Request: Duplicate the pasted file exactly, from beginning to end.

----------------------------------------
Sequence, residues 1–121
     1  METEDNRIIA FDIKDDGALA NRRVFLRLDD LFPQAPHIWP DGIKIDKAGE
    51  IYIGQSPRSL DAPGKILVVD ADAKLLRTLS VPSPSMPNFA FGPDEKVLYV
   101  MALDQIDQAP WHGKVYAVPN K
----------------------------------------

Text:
Sequence, residues 1–121
     1  METEDNRIIA FDIKDDGALA NRRVFLRLDD LFPQAPHIWP DGIKIDKAGE
    51  IYIGQSPRSL DAPGKILVVD ADAKLLRTLS VPSPSMPNFA FGPDEKVLYV
   101  MALDQIDQAP WHGKVYAVPN K